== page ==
ROBERTS: Yeah. I myself have got an SUV as one of my two cars. And every time I back that up-it's got sensors on the bumper. But every time I back it up, I'm just sort of praying that there's nothing behind there that I haven't checked. Dr. Gulbransen, when we talk about the blind spots on SUVs, how large is that area? I believe your child was run over by the front tire, was he not?

Dr. GULBRANSEN: You know, it-that's correct. He was run over by the front tire. I had backed up. He went under the car.

ROBERTS: Right.

Dr. GULBRANSEN: And I was like-clipped him with the front tire. But some of these vehicles have blind spots as small as 20 feet; some of them as great as 75, maybe 80 feet-depends on the height of the driver and the type of vehicle you're, you know, discussing. But SUVs have such large blind spots, and they're obviously here to stay. We're all hooked on these things as families for certain features that they have. But they have an inherent weakness, and that's the blind spot. We don't appreciate that, and now I do.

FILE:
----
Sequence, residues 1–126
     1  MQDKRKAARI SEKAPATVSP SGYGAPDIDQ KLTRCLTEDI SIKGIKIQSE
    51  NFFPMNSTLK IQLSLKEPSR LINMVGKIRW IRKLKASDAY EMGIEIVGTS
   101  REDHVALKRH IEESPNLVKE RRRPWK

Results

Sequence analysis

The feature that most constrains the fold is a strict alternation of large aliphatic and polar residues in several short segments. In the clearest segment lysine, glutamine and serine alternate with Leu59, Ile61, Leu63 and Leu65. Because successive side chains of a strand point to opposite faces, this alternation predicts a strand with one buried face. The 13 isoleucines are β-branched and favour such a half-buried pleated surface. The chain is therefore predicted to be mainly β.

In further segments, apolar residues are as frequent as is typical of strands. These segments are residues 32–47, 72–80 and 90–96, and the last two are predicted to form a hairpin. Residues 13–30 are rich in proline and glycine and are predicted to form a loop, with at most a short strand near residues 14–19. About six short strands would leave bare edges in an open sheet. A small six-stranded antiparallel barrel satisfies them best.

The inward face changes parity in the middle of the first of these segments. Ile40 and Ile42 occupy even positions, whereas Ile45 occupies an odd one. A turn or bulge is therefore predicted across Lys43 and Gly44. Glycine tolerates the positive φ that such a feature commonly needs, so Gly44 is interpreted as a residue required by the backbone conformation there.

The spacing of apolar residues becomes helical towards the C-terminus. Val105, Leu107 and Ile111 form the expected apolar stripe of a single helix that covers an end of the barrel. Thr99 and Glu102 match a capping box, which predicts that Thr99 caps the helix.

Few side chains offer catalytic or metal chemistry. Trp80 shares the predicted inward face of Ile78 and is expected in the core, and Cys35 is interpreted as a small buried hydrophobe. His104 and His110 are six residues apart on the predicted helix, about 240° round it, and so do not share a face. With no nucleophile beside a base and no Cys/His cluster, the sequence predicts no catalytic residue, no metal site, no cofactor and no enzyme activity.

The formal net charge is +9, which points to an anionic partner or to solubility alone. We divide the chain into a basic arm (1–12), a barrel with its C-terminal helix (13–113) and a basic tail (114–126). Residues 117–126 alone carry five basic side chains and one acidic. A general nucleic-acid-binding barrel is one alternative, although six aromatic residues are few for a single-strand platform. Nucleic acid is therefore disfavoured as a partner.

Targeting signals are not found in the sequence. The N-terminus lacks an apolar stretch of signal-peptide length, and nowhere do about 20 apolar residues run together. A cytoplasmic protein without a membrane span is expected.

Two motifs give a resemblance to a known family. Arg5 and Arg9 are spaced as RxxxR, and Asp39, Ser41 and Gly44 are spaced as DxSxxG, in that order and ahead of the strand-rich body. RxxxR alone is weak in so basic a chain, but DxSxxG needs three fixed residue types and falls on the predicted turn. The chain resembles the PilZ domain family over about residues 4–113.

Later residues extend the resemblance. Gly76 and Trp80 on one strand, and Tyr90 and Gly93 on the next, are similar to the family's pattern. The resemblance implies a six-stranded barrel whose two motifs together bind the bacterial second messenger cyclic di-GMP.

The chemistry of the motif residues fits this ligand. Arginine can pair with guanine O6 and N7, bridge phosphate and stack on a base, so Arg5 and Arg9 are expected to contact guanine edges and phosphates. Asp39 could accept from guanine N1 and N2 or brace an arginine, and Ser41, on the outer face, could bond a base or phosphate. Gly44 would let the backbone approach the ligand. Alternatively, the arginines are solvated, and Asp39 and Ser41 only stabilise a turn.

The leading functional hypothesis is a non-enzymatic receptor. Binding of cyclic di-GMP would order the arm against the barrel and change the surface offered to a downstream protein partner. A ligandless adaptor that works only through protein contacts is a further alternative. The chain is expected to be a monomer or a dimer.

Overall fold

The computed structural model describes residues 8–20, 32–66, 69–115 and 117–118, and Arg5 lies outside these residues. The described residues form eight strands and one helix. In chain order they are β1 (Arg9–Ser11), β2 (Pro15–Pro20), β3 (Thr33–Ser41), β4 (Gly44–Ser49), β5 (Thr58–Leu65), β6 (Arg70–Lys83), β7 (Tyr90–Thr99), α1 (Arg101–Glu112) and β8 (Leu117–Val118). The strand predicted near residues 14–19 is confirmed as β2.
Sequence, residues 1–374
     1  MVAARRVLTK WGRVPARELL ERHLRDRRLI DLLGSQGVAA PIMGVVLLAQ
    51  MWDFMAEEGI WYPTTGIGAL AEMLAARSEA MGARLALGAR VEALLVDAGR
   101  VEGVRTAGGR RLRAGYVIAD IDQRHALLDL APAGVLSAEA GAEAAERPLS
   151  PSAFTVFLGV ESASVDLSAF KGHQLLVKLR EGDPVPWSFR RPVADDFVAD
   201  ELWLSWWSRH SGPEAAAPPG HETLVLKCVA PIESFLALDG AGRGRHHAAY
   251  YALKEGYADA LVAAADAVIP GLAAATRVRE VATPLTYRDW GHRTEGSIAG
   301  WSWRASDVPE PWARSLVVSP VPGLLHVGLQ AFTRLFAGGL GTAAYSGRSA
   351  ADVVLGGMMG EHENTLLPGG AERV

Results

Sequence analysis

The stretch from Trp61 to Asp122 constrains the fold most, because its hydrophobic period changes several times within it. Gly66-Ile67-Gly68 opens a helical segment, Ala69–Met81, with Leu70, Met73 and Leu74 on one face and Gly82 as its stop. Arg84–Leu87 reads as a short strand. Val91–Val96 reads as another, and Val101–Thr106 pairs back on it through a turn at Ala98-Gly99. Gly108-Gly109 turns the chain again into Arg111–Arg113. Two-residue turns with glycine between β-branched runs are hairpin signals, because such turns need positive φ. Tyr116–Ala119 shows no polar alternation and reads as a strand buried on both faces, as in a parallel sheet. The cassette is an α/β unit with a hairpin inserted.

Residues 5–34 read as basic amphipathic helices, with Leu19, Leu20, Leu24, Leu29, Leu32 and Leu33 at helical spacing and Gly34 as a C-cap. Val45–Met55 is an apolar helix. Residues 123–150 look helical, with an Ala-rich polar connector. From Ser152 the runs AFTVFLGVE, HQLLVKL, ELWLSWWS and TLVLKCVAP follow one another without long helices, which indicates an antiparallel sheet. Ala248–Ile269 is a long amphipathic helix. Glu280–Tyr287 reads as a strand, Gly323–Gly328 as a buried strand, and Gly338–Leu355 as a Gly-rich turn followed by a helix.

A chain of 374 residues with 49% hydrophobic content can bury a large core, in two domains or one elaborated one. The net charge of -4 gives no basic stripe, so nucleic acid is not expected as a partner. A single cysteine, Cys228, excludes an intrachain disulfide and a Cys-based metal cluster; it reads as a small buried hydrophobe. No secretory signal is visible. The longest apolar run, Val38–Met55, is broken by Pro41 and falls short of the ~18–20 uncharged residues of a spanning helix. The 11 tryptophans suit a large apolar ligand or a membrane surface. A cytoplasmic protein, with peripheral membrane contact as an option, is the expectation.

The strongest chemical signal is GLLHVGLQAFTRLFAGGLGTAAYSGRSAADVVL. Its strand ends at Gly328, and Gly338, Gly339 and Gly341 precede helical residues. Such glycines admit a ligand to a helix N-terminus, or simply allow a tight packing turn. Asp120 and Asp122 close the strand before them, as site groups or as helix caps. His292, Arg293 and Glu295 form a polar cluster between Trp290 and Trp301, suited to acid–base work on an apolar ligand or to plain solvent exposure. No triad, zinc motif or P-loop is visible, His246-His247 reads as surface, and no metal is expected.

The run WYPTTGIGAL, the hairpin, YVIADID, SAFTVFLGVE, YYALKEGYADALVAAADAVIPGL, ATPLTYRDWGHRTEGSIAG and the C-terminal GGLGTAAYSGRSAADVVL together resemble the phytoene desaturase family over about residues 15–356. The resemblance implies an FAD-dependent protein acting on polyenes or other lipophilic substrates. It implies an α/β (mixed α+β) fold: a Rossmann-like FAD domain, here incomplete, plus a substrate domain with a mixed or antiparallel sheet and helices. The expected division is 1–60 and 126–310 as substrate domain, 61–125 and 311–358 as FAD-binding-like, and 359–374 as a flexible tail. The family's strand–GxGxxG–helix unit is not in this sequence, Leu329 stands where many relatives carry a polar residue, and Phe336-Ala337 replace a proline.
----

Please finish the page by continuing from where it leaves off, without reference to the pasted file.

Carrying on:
And I think it's important for everybody, from the government down to the automobile manufacturers, the dealerships and, you know, families, the drivers themselves, we have to all step in and take responsibility and realize that we can address this issue. It's easy to take care of. This happened to me. It shouldn't happen to anyone else. It's happening all the time. It's happened twice on Long Island in the last 12 weeks here, and it's ridiculous. It shouldn't be. It's usually an SUV driven by a parent, and it involves a small child.

ROBERTS: Right.

Dr. GULBRANSEN: If you had a camera, it would certainly eliminate this.

ROBERTS: Right. Congressman King, there's a lot of different technologies out there: sensors, cameras, whatever. Just quickly now, if you could 'cause we're running out of time, how much resistance is there from the automotive industry into adding these options into cars?

Rep. KING: Oh, there's quite a bit. The auto manufacturers do not want it. Ironically, they do have it in the European cars; they don't have it in the cars that are made for American consumption. So we really have to put pressure on the auto manufacturers. I believe that once people find out about this, they will implore their congressmen and senators...

ROBERTS: OK.

Rep. KING: ...to vote for it.

ROBERTS: All right.

Rep. KING: It's absolutely essential.

ROBERTS: Well, Congressman King, Dr. Gulbransen, thanks for being with us.

This is THE EARLY SHOW on CBS.